Two doctors testified Monday that medical officials at the U.S. military prison at Guantanamo Bay acted too harshly in their treatment of a detainee who has been force-fed while on hunger strikes — at one point issuing a directive that his socks and boxer shorts be taken from him.
The 43-year-old Syrian detainee, Abu Wa’el Dhiab, hopes the testimony from the American physicians will help persuade a federal judge in Washington to modify the way he is treated by officials at the prison in Cuba. U.S. District Judge Gladys Kessler in May ordered that the U.S. military can force-feed Dhiab to prevent him from dying.
Monday’s proceedings centered on exactly how the feeding is carried out. Dhiab has used hunger strikes to protest his continued detention, his attorneys said, and military officials should be restricted in how and when they can take him from his cell, strap him to what detainees call the “torture chair” and insert a tube up his nose in the name of keeping him alive.
“Mr. Dhiab does not want to die,” attorney Eric Lewis said in court. “He wants to be treated like a human being.”
Justice Department lawyers argued that Dhiab is a danger to himself and those around him and that he is putting his health at risk by refusing to eat regularly.
Dhiab was arrested in Pakistan in 2002 and has been detained since without any charges being filed against him. He was cleared for transfer by the Obama administration in 2009, but the government has not been able to repatriate him, in part because of fears about how he would be treated in Syria. Lewis said his client is “looking forward to the day when he can leave Guantanamo.”
The case is a complicated one that already has shone a light on some unflattering practices at the military prison — and threatens to do so again. Kessler rejected the government’s request to seal this week’s proceedings, though she allowed some confidential matters to be discussed behind closed doors.
The judge further ordered the eventual release of a redacted video that shows Dhiab being force-fed. Dhiab has been on hunger strikes on and off for seven years.
Dhiab’s attorneys want a doctor, rather than a prison official, to determine when Dhiab should be force-fed and want it done only when Dhiab is in immediate danger. They want him to be taken to the feedings in a wheelchair, and they want the feedings to be conducted using a one-point, rather than a five-point, restraint. They also want Dhiab’s feeding tube to be left in for three days at a time to reduce the frequency with which it is inserted and removed from his nose.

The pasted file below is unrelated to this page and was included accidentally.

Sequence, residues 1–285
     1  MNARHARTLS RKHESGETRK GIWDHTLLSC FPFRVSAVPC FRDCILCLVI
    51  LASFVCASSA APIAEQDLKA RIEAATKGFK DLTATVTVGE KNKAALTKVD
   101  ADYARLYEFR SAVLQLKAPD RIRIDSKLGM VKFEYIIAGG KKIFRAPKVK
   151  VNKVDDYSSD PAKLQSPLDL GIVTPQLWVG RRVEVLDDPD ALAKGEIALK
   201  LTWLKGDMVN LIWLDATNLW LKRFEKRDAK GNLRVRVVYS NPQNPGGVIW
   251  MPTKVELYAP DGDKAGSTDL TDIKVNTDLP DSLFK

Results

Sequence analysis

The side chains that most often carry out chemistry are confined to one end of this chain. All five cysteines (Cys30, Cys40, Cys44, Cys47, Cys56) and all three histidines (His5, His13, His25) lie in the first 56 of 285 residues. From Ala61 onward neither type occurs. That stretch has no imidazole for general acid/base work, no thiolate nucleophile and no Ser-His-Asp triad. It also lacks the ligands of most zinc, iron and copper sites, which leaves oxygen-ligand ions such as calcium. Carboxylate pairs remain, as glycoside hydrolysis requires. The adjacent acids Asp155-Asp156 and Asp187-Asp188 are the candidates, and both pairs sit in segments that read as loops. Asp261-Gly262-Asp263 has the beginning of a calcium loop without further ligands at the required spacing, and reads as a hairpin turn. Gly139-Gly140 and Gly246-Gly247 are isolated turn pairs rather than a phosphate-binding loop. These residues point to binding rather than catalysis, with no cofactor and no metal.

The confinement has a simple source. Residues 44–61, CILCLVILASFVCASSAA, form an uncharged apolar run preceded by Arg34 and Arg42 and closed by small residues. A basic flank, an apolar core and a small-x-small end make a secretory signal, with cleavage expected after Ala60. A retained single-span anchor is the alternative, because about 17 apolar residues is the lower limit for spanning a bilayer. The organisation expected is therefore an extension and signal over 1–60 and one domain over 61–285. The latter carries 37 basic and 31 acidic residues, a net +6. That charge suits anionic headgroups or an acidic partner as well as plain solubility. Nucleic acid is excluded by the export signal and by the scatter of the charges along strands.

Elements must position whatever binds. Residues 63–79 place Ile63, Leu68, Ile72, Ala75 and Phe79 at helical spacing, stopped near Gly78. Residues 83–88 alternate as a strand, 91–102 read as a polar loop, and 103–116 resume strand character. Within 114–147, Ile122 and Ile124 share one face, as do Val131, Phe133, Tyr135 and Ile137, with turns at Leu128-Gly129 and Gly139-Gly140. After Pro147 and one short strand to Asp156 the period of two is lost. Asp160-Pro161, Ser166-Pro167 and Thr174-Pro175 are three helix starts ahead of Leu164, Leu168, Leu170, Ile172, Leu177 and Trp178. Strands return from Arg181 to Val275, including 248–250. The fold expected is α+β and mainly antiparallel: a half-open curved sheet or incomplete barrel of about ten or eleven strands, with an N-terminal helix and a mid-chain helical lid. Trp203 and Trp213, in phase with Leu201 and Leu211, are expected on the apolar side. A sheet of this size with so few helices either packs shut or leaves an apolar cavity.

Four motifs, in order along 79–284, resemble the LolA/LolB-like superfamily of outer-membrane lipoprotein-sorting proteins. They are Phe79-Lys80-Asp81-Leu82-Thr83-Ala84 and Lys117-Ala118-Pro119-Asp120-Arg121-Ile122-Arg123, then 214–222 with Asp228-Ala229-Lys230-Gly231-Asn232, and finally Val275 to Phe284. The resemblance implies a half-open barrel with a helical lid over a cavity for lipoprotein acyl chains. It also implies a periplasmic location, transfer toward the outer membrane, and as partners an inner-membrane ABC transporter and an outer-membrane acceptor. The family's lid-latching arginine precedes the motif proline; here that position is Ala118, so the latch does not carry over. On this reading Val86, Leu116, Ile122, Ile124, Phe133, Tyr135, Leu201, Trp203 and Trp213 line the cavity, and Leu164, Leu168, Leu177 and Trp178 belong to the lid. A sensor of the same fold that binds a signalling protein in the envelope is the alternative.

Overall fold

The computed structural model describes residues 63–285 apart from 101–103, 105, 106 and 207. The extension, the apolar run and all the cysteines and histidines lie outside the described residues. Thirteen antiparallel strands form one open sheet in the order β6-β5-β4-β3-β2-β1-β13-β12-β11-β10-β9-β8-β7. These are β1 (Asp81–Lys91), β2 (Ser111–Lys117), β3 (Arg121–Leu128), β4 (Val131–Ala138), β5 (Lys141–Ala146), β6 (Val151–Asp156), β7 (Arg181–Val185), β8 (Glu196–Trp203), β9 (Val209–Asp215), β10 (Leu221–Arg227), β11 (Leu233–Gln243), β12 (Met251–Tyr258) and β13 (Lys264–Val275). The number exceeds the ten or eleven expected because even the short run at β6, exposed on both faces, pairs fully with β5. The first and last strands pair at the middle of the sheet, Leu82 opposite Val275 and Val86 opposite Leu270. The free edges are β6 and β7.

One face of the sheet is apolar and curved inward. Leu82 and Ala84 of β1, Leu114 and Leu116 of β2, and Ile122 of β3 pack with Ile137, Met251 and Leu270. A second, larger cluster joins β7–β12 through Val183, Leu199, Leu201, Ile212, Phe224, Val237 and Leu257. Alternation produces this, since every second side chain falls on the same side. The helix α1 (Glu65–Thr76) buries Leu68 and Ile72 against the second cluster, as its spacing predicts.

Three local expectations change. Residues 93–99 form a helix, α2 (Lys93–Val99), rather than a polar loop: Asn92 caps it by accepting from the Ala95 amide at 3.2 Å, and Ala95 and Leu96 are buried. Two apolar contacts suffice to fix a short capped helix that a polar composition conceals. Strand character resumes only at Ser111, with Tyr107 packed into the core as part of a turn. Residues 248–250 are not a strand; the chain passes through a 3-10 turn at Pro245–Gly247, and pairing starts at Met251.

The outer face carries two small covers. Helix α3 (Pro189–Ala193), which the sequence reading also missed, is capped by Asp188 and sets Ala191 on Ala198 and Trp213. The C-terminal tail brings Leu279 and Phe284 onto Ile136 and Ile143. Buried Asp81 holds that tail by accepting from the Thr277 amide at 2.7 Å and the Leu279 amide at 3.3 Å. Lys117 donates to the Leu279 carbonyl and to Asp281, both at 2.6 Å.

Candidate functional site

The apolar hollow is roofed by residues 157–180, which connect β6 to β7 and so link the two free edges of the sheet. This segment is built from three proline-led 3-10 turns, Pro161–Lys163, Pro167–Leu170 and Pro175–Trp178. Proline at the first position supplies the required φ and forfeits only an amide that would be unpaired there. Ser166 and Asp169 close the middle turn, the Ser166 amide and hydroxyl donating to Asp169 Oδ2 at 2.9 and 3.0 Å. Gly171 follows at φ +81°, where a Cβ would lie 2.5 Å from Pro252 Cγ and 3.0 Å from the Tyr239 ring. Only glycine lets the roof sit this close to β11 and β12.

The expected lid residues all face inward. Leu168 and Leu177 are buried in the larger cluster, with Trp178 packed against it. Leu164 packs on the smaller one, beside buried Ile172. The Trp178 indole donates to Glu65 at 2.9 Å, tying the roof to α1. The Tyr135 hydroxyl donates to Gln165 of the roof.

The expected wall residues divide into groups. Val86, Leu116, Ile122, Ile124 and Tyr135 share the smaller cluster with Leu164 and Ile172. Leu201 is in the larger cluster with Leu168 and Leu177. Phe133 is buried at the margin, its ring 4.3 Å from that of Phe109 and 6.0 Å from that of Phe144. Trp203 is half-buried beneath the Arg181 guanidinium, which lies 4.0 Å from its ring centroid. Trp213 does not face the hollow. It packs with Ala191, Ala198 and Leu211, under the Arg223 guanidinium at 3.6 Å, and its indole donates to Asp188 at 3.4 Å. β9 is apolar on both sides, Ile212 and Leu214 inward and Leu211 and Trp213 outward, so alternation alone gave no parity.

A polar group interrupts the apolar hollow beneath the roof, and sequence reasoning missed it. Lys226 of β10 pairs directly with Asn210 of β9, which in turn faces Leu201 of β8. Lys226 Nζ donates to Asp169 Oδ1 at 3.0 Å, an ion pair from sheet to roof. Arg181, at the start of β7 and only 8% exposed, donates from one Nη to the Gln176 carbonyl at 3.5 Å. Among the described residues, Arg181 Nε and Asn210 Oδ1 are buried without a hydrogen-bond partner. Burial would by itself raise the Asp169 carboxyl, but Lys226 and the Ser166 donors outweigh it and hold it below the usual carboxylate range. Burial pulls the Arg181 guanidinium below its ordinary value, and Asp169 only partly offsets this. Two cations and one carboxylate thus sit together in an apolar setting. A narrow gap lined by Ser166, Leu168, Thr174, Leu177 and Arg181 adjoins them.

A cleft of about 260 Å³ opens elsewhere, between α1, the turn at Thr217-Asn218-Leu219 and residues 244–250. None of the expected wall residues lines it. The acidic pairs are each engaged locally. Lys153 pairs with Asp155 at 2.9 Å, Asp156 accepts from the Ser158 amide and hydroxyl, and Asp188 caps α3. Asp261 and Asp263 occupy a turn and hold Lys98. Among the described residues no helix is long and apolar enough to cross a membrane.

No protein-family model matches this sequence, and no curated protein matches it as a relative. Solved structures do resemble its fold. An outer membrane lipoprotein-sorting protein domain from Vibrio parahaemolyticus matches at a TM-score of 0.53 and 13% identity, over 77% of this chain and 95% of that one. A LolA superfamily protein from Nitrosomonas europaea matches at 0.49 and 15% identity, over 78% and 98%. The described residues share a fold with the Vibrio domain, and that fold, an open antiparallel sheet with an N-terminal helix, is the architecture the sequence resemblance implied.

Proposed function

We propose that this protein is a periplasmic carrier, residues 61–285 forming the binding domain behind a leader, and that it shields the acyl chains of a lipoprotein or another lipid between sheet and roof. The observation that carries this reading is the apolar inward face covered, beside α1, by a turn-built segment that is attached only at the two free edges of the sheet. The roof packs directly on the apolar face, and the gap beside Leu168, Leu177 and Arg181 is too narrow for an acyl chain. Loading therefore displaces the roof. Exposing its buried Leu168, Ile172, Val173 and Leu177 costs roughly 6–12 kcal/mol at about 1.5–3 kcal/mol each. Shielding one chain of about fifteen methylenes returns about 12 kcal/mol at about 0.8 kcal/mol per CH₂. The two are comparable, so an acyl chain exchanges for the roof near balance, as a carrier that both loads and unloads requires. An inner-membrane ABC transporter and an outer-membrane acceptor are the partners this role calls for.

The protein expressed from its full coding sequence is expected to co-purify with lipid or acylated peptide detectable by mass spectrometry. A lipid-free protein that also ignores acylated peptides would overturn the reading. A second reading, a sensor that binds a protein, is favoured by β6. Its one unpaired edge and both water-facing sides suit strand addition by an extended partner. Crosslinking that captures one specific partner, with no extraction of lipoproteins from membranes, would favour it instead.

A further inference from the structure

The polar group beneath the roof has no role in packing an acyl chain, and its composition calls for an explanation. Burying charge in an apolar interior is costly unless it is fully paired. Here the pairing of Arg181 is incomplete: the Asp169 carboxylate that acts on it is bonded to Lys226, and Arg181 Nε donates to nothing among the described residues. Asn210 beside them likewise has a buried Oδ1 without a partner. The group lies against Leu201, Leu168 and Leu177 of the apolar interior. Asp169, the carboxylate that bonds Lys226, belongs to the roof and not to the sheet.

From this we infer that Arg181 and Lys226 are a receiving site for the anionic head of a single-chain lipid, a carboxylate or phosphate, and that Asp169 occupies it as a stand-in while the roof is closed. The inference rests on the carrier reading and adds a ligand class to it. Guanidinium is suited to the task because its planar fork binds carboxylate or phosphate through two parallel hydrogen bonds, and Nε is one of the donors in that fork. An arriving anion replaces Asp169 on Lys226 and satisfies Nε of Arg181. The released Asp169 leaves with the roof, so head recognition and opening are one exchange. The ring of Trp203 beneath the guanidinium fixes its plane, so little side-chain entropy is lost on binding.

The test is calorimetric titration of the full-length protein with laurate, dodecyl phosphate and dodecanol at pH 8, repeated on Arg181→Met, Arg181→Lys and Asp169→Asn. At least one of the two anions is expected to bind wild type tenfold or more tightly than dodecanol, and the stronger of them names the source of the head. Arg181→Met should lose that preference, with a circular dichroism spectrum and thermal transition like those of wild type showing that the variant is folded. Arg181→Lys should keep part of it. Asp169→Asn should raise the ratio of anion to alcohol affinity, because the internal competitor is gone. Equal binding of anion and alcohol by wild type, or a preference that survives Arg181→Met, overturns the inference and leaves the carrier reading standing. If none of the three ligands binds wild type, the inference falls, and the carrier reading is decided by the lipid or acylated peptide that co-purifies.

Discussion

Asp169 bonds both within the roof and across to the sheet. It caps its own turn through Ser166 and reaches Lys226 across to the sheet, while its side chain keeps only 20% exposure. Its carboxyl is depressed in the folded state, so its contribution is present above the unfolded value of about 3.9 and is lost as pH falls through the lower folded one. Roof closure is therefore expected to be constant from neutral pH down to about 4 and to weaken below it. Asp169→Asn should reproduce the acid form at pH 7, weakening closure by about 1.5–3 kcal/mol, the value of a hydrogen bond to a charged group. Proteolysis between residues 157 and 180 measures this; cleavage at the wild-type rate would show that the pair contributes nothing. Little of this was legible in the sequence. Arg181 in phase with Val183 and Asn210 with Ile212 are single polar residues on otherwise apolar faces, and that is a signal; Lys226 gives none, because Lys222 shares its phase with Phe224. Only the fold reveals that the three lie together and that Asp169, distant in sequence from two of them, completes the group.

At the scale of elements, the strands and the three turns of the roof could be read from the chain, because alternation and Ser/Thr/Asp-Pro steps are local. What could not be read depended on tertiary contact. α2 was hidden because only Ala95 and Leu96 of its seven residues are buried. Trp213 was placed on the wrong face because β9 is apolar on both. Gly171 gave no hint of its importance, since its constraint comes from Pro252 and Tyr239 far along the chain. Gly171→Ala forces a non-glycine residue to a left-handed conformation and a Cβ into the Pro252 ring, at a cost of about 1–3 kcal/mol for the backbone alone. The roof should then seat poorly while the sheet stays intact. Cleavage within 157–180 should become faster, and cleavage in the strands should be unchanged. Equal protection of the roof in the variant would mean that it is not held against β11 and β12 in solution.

Justice Department attorney Andrew Warden argued Monday that Dhiab “undermines his own health by refusing to eat” and said that inserting a nasal tube was “not a painful procedure.” Warden said that prison officials had, since September, been allowing Dhiab to go to the feedings in his wheelchair and that they could not leave the tube in, out of concern that Dhiab might become infected — or use it to harm himself or others. Records displayed at the hearing indicate that at one point he wrapped his neck with a shackle.
Warden said Dhiab had kicked prison medical staffers and thrown urine and feces at them. He said an injunction from Kessler would “rewrite medical care at Guantanamo Bay.”
As they began presenting their case Monday, Dhiab’s attorneys seemed to argue that medical care at the prison could use some revamping. Their first witness — Boston University professor and Boston Medical Center doctor Sondra Crosby — testified that the facility was ill-equipped to deal with an aging population. For example, she said, it lacks an MRI machine.
Crosby testified that in Dhiab’s case, the staffers had “blurred” the distinction between discipline and treatment. Of particular note: In June 2013, Crosby said, a doctor ordered that Dhiab lose access to a number of supplies, including his socks and boxer shorts.
“I can’t think of any reason why a physician would write an order to discontinue socks or boxer shorts,” Crosby testified. “It seems punitive on the surface.”
Crosby noted that Dhiab ate voluntarily in front of her, and his attorneys suggested that he would be willing to do so if he were treated differently.
Stephen Xenakis, a doctor and retired army brigadier general, testified that although he was given limited information, he did not believe Dhiab was physically aggressive or even anti-West or anti-American. He said it seemed prison officials sometimes overrode sound medical decisions in Dhiab’s case — perhaps most notably by continuing to send guards in protective gear to bind him and remove him from his cell for feedings, even after he was given approval to use a wheelchair.
“I wouldn’t consider him dangerous at all,” Xenakis said.
Xenakis acknowledged in response to questions from a government attorney that he left the Army amid an investigation and later sued his former employer. He also admitted opining frequently on the subject of detainee treatment. A federal judge in a terrorism case once deemed his remarks “obviously partisan.”
Testimony is expected to continue Tuesday.